What: All Issues : Environment : (H.R. 1) On an amendment prohibiting the use of funds provided by a “continuing resolution” (which funded government agencies and programs for the remainder of the year) for the enforcement of environmental standards regulating air toxins released by cement manufacturing. This amendment was offered to a continuing resolution funding the federal government through September 2011, and cutting $61 billion in federal funding for many government programs. (2011 house Roll Call 86)
 Who: All Members : New York, District 2 : King, Pete
[POW!]
 
(H.R. 1) On an amendment prohibiting the use of funds provided by a “continuing resolution” (which funded government agencies and programs for the remainder of the year) for the enforcement of environmental standards regulating air toxins released by cement manufacturing. This amendment was offered to a continuing resolution funding the federal government through September 2011, and cutting $61 billion in federal funding for many government programs.
house Roll Call 86     Feb 17, 2011
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Progressive Result
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This was a vote on an amendment by Rep. John Carter (R-TX) prohibiting the use of funds provided by a “continuing resolution” (which funded government agencies and programs for the remainder of the year) for the enforcement of environmental standards regulating air toxins released by cement manufacturing. This amendment was offered to a continuing resolution funding the federal government through September 2011, and cutting $61 billion in federal funding for many government programs.

Carter urged support for his amendment: “The U.S. cement industry provides more than 15,000 high-wage jobs with an average compensation of $75,000 per year, and, along with allied industries, accounts for nearly $27.5 billion of the gross domestic product. Due to the recession, the cement industry has already lost over 4,000 jobs. This bad rule [regulating air toxins] threatens to close another 18 of the 97 cement plants nationwide and throw another 1,800 Americans out of good-paying private sector jobs….as bitter as this would be in the middle of a horrible recession, if it were to guarantee that it would reduce mercury pollution, at least this high human cost might be justified. But when the cement production from these plants is shifted to China and India with no air quality standards, we could face increased mercury pollution worldwide and in this country.”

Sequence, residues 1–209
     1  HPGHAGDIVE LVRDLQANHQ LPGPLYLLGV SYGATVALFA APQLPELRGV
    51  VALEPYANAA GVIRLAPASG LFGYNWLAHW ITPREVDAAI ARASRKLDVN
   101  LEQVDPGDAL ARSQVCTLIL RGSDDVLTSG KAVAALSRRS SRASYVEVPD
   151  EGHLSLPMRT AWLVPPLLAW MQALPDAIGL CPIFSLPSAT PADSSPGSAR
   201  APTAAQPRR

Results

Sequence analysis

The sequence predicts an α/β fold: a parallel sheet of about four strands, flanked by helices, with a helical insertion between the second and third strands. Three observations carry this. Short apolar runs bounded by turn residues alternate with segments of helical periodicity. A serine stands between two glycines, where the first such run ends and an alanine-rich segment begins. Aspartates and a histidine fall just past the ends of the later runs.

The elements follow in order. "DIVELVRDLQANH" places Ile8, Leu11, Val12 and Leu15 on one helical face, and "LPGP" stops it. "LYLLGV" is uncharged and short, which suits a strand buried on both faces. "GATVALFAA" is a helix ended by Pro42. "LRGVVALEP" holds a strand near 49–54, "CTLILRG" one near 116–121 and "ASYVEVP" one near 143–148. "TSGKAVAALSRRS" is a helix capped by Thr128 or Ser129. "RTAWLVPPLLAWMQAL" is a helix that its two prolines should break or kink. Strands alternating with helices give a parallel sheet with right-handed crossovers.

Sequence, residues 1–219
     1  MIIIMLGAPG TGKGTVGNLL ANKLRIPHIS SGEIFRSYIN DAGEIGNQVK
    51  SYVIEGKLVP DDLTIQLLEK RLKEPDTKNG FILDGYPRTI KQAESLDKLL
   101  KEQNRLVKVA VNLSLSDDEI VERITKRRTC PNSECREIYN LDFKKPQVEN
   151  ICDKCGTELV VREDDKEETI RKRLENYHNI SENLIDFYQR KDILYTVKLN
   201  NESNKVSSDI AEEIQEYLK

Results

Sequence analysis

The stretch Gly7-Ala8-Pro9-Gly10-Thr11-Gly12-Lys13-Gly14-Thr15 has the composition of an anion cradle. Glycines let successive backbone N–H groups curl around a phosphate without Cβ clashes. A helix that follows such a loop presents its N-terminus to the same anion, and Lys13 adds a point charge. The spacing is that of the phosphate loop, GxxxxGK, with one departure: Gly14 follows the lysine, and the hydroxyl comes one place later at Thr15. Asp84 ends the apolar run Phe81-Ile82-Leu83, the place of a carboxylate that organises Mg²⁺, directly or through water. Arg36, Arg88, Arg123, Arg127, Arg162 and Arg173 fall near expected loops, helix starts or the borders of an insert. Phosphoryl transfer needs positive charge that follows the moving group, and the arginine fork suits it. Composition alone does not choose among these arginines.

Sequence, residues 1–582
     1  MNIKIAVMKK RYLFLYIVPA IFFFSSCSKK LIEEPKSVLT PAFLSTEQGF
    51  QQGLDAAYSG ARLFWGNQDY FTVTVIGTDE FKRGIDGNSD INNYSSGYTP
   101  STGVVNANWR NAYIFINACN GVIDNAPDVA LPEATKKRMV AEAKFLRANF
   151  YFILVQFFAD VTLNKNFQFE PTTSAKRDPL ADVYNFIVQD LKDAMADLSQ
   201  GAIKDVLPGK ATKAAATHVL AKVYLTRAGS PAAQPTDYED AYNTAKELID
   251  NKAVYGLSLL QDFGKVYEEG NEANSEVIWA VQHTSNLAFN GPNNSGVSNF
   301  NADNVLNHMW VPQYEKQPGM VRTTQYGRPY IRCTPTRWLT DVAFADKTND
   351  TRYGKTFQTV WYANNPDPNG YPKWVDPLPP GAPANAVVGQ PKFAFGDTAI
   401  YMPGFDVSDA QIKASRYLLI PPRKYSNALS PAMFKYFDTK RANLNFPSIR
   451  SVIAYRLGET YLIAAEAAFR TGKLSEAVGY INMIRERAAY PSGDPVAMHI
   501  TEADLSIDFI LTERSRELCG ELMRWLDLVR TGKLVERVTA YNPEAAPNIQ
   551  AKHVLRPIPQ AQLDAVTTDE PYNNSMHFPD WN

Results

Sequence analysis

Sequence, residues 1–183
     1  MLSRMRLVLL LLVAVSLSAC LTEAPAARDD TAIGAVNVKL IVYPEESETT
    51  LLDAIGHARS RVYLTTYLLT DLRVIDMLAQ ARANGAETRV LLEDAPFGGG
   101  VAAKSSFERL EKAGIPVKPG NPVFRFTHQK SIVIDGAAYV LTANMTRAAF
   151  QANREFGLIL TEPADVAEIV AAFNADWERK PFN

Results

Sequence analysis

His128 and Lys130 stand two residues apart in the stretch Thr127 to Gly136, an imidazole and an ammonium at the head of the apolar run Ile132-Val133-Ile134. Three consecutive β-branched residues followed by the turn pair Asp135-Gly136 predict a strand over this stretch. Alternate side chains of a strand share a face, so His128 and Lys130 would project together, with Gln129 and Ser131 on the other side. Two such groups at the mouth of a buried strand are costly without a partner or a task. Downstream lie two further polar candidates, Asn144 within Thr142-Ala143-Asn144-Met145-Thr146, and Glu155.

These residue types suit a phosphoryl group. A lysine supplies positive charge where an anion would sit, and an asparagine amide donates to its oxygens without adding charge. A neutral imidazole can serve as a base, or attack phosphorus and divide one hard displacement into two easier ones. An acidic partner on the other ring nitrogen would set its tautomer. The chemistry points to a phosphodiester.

Rep. Jim Moran (D-VA) opposed the amendment: “…What it [the amendment] does is to prohibit EPA [Environmental Protection Agency] from implementing, administering or enforcing final rules to control air toxins from the…cement industry. The standards for… cement kilns have already been promulgated. The amendment would not relieve the industry of the obligation to meet these standards. Even though the agency would be precluded from spending funds to enforce the standards, citizens or states could bring enforcement actions against these sources of pollution that didn't comply with the standards….These funding limitations to stop EPA rules really have unintended consequences. They don't stop the legal requirements to regulate polluters. They really do, though, contribute to the pockets of lawyers that would litigate these issues out in the courtrooms.”

The House agreed to this amendment by a vote of 250-177. Voting “yea” were 231 Republicans and 19 Democrats. 170 Democrats—including a majority of progressives--and 7 Republicans voted “nay.” As a result, the House agreed to an amendment prohibiting the use of funds provided by a continuing resolution for the enforcement of environmental standards regulating air toxins released by cement manufacturing.

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Key: Y=Yea, N=Nay, W=Win, L=Loss